24. hi. so that picture that says “give me therapy”, is mine. i took that. i put it together. i put my efforts in that. it’s really sad the way you’re using MY picture, when you clearly don’t understand the meaning behind it.
    that picture is lyrics to a song called “therapy” by all time low.
    it’s about how i, alone overcame my own struggles with life ON MY OWN, without a therapist and i’m perfectly fine now.
    before you justify a picture based on something you see in it, don’t assume it has to do with what YOU think.
    the fact that you put NO credit whatsoever proves a few things.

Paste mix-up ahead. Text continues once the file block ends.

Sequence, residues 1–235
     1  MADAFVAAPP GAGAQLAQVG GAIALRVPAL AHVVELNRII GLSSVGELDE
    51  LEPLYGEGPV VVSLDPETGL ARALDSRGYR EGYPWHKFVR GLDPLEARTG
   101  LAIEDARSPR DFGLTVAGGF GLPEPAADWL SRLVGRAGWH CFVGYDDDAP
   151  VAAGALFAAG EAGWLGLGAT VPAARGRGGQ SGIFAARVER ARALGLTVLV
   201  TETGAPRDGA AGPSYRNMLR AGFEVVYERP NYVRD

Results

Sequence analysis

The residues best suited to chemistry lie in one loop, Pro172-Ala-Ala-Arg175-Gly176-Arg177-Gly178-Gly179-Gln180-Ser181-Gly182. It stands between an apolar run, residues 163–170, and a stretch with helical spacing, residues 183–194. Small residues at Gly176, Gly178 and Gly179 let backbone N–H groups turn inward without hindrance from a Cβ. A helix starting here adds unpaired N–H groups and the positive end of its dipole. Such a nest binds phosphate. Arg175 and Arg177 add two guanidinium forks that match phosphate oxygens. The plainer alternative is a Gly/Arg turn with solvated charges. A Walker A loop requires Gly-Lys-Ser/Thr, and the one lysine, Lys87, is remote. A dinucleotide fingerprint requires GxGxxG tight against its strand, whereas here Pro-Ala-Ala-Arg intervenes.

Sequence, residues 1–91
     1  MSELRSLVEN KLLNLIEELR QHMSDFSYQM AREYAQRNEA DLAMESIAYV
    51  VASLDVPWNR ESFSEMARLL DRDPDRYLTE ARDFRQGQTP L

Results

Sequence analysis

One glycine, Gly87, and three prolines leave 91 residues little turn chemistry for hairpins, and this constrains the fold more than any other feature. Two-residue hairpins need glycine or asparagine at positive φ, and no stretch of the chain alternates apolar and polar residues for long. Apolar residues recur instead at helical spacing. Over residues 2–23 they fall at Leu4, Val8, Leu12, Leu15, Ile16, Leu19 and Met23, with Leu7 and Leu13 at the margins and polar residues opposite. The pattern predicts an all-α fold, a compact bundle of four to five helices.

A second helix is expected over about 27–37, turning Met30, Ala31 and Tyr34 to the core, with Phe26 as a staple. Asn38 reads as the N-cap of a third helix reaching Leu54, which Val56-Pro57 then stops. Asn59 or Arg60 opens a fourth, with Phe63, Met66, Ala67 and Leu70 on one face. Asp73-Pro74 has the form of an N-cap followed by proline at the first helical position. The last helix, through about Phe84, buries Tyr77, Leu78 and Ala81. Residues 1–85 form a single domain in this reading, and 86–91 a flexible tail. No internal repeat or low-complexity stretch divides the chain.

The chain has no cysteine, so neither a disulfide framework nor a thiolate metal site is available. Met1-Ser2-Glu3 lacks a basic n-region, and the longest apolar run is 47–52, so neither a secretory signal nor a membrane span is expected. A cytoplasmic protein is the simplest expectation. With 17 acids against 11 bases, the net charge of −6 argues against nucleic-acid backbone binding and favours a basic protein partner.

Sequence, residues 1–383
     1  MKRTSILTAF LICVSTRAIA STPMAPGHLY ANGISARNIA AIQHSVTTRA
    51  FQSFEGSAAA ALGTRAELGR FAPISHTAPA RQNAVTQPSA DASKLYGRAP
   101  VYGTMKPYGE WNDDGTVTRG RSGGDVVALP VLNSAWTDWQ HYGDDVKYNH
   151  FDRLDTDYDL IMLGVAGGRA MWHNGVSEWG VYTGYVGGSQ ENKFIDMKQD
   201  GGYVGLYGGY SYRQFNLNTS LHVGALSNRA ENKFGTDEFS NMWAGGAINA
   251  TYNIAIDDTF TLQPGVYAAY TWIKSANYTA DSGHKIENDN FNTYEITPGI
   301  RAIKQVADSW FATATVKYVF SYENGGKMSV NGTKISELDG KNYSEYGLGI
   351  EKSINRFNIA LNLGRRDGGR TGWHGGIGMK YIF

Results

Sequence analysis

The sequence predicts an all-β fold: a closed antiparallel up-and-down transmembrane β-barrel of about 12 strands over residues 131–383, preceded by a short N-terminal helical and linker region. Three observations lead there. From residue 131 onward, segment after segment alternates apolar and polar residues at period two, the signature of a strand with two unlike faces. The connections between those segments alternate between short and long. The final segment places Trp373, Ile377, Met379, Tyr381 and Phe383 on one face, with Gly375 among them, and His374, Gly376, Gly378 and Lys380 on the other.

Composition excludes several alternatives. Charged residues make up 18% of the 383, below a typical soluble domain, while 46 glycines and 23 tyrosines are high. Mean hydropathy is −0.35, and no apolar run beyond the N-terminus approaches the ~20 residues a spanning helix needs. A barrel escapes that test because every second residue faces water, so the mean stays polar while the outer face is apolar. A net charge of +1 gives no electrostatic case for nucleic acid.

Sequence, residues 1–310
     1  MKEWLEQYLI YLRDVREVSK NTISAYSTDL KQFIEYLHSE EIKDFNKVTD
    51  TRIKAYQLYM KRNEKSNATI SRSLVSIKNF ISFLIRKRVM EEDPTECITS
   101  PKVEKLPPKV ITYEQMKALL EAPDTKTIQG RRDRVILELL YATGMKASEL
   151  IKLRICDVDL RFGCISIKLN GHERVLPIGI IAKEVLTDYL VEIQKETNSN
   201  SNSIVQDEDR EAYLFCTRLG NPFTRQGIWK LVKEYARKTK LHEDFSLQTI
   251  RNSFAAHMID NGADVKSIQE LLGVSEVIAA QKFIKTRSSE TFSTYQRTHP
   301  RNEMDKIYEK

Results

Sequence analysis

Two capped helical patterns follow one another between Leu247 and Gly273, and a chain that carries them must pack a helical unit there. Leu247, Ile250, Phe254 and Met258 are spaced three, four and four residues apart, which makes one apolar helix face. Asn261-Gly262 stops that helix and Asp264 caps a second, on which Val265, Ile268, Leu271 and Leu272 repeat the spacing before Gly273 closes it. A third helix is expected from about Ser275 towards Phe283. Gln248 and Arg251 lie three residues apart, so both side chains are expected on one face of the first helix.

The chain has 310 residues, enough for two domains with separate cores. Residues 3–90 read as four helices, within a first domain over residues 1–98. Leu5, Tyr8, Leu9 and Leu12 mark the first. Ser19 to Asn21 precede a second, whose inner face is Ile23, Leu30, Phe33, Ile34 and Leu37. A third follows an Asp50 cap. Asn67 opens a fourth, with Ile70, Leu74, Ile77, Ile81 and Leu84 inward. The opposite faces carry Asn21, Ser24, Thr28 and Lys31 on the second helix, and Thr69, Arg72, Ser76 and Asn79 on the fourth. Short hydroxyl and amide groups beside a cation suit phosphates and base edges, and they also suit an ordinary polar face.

1.) you clearly just search around google for cheap images.
    2.) you automatically believe that because it has a key word in it, it has to do with something you think.
    3.) stealing MY picture without credit toward me is illegal.
    i feel honored that you used it, thank you. but you misread it which offends me, and you stole it.
    great article and all, but not everybody needs therapy.
    if you need to contact me for some reason, feel free.
    [email protected]

    • hi! i’m the executive editor here. we’ve removed your image from this post. the image was obtained via intern from a third party website that hosts images, most of which are, unfortunately, not credited to anyone. we go out of our way to credit images when possible.
      thanks for contacting us and we apologize for the misuse of your personal image.